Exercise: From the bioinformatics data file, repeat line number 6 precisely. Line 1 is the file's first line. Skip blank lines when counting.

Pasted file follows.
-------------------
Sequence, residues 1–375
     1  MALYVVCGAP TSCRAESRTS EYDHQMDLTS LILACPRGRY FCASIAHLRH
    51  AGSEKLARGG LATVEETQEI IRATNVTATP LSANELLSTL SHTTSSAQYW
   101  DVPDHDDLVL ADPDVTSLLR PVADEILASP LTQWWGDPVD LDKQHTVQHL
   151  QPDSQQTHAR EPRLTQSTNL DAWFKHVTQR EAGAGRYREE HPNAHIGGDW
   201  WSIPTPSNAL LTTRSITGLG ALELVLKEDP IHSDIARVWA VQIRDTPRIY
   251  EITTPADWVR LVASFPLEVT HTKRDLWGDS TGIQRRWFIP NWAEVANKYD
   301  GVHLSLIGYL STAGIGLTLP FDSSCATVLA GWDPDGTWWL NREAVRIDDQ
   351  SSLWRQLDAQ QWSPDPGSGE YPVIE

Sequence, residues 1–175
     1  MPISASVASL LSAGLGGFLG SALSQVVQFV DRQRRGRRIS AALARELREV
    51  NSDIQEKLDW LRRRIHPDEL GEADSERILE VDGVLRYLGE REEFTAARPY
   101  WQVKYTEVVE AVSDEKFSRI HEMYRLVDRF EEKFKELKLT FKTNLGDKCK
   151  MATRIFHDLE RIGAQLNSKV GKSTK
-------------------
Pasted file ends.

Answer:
   201  WSIPTPSNAL LTTRSITGLG ALELVLKEDP IHSDIARVWA VQIRDTPRIY